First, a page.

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“Our fathers lied”: Rudyard Kipling as a war poet

The privileged poets of the Great War are those who fought in it—Rosenberg, Owen, Sassoon. This is natural and human, but it is not fair. Kipling is one of the finest poets of the War, but he writes as a parent, a civilian, a survivor—all three of them compromised positions. “If any question why we died, / Tell them, because our fathers lied,” he writes. It is widely believed that Kipling was, himself, one of these lying fathers—that his jingoism promoted the War, that his propaganda supported the prolongation of its madness, and that he shepherded—bullied—his only son, John, into the front line, where he died at Loos in 1915. None of this is true, but Kipling’s grief, and the guilt that all survivors feel, have made him an easy target. Of the grief, at least, he made extraordinary art, in stories as well as poems. He writes of bereavement, of compulsive memory, of what we now call ‘post-traumatic stress’, and he knew that we are haunted most by ourselves:

I have a dream—a dreadful dream—
A dream that is never done,
I watch a man go out of his mind,
And he is My Mother’s Son.

He could write about the business of war, too, answering its savage economy with his own:

The ships destroy us above
And ensnare us beneath.
We arise, we lie down, and we move
In the belly of Death.
The ships have a thousand eyes
To mark where we come . . .
But the mirth of a seaport dies
When our blow gets home.

Three soundless dots give us the track of the submarine’s torpedo; when it gets home, we are reminded by a dreadful pun that the sailors on the stricken ship never will. The pity of war? Yes, but its pitilessness, too.

John Kipling in 1915, the year that he died. Public Domain via Wikimedia Commons.
John Kipling in 1915, the year that he died. Public Domain via Wikimedia Commons.

The Garden called Gethsemane
In Picardy it was,
And there the people came to see
The English soldiers pass.
We used to pass—we used to pass
Or halt, as it might be,
And ship our masks in case of gas
Beyond Gethsemane.

The Garden called Gethsemane,
It held a pretty lass,
But all the time she talked to me
I prayed my cup might pass.
The officer sat on the chair,
The men lay on the grass,
And all the time we halted there
I prayed my cup might pass.

It didn’t pass—it didn’t pass
It didn’t pass from me.
I drank it when we met the gas
Beyond Gethsemane!

I have long thought this the greatest poem of the Great War. Its imaginative empathy is not surprising—Kipling could think himself into almost any human condition, and voice it from within—but the poem has another voice than that of the soldier, or rather Kipling lends him the poet’s masterful tact. Nothing in the poem is overstrained (except, perhaps, the final exclamation mark) yet the whole is unbearable. The soldier’s blank gaze takes in the scene with homely dread, from the ‘pretty lass’ whose words he cannot really hear, to the enduring English comedy of manners by which officers and men each contemplate their death from the proper vantage point. He is Jesus, this young man, praying in the Garden of Gethsemane; but Kipling was not a Christian. When Jesus prays, in Matthew 26:39, he does so in terms that the poem implicitly rejects: “O my Father, if it be possible, let this cup pass from me: nevertheless not as I will, but as thou wilt.” Kipling has no nevertheless, no acceptance of God’s will, no embrace of sacrifice. The soldier’s anguish is wholly human.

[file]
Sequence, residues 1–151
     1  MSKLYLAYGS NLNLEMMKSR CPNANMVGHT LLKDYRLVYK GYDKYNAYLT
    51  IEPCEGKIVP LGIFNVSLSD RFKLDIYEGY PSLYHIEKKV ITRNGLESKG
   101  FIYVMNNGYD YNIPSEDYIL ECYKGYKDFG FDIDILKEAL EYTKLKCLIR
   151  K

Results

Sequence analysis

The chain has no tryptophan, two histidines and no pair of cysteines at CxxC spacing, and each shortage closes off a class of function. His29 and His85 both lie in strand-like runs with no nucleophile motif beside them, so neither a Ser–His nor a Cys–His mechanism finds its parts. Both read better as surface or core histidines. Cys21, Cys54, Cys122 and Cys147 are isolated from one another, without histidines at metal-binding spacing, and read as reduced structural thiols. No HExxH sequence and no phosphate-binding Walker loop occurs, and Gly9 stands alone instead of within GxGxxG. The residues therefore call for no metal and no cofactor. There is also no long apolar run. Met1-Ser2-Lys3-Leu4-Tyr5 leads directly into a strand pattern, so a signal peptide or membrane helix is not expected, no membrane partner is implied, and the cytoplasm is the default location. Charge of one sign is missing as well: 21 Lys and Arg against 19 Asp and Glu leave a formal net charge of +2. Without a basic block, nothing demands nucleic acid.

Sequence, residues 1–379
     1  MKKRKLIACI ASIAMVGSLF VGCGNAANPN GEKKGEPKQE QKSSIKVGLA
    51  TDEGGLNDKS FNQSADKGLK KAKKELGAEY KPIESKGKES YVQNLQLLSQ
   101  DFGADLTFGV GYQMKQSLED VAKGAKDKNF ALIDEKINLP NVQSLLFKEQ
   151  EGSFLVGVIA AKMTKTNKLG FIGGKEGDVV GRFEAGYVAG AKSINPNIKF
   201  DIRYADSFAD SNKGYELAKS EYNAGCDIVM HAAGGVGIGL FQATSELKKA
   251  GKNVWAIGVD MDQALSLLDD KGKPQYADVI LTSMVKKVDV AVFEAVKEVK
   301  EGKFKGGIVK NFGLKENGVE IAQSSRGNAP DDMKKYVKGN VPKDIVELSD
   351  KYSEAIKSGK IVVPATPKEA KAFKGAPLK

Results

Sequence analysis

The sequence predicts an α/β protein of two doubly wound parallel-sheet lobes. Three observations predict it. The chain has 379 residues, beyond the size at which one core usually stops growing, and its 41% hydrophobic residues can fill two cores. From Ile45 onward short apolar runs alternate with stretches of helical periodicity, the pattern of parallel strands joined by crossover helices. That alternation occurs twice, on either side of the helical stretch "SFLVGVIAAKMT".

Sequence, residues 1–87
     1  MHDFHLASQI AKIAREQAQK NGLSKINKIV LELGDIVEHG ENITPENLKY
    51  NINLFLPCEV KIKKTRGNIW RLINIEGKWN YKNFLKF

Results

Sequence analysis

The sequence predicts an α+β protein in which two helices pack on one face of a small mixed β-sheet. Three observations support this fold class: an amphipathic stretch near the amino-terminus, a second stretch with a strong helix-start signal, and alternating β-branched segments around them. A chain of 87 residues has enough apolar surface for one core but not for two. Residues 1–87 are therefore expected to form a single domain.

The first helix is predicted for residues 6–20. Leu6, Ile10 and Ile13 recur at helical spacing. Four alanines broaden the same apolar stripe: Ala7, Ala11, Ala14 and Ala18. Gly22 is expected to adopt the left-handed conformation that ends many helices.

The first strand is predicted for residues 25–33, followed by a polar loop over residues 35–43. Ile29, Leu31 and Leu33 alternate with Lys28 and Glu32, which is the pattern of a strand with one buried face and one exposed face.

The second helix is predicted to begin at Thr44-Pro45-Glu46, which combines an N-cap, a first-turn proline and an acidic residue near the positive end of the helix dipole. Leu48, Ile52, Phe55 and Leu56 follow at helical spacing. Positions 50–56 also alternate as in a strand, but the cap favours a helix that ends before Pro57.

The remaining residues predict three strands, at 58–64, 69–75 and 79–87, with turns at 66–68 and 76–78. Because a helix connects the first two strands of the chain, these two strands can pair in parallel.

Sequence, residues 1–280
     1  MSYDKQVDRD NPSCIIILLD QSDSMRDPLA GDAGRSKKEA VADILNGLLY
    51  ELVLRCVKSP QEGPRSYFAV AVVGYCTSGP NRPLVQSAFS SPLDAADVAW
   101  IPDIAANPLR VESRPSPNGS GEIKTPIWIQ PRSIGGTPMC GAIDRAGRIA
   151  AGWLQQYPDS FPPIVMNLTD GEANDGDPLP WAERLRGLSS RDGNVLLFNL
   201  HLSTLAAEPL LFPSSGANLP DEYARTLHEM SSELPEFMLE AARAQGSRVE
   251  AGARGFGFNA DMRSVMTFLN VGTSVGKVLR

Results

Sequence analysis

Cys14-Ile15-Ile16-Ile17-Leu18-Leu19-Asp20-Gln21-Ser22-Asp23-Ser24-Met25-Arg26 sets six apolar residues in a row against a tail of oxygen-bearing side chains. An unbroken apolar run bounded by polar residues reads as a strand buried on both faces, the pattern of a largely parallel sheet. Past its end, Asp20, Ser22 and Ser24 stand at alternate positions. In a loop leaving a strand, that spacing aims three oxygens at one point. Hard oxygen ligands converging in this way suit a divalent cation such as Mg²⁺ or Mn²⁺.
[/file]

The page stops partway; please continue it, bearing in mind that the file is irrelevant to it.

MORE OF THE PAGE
John Lockwood Kipling and Rudyard Kipling. Public Domain via Wikimedia Commons.
John Lockwood Kipling and Rudyard Kipling. Public Domain via Wikimedia Commons.

The craft of words mattered enormously to Kipling. The small word ‘pass’ begins by meaning ‘to pass through’ (the little village), though even here a little chill accompanies it, as ‘the people’, with their curious unconscious cruelty, come ‘to see the English soldiers pass’—pass away, into what lies ‘beyond Gethsemane’. Then the word changes its meaning, burdened by its biblical idiom: ‘I prayed my cup might pass’, that I might be spared; yet ‘my cup’ (altered from Matthew’s ‘this cup’) already tells us that this won’t happen. These two meanings of ‘pass’, apparently unrelated, are joined in the poem by the song-like rhythm of the lines in which they are repeated: ‘We used to pass—we used to pass’ in the first stanza; ‘It didn’t pass—it didn’t pass’ in the last. Here poetry does its utmost, gives everything that can be given by the sounds of words and their cadence, and by that most difficult servant of poets, metrical art. The poem is written in one of the oldest English metres, sometimes called ‘common metre’, an alternating pattern of eight and six syllables which is the foundation of many of our hymns and popular songs. It is the metre of the common man, who speaks here, as he should, with impersonal authority.

Featured Image: Canadian soldiers in a trench, in 1916 during WWI, by Bibliothèque nationale de France. Public Domain via Wikimedia Commons.

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